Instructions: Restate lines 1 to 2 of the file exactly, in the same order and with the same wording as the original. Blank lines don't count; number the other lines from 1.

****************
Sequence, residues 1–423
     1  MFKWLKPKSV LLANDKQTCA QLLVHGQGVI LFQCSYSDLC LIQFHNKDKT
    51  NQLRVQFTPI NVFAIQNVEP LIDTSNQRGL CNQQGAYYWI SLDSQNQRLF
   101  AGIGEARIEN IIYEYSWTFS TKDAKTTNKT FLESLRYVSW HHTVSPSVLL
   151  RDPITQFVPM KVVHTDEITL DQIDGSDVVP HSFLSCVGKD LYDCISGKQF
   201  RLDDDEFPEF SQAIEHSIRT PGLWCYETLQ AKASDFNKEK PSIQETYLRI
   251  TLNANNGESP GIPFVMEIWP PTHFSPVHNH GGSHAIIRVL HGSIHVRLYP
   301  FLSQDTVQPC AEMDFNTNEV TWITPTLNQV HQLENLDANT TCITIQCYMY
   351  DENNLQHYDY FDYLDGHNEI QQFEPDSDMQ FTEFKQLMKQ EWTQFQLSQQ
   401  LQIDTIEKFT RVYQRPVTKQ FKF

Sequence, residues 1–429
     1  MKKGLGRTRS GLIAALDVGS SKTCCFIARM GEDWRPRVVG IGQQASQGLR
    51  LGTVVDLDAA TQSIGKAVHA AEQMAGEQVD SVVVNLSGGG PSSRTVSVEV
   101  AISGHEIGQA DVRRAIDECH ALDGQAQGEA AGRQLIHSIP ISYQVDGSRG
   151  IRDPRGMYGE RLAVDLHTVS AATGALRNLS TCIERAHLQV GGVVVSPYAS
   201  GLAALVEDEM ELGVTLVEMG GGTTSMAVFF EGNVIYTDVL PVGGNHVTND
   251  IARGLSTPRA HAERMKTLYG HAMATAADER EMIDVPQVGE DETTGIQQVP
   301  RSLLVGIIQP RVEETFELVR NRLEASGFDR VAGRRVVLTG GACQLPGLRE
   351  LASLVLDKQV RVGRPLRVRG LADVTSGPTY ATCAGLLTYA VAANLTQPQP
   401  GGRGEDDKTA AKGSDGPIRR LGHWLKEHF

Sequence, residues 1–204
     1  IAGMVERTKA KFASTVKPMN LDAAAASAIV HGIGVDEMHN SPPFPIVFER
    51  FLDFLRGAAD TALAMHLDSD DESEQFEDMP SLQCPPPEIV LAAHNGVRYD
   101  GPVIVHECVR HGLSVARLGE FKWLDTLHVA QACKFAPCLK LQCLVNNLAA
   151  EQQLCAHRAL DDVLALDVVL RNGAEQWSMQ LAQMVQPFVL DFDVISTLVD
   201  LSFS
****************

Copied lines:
Sequence, residues 1–423
     1  MFKWLKPKSV LLANDKQTCA QLLVHGQGVI LFQCSYSDLC LIQFHNKDKT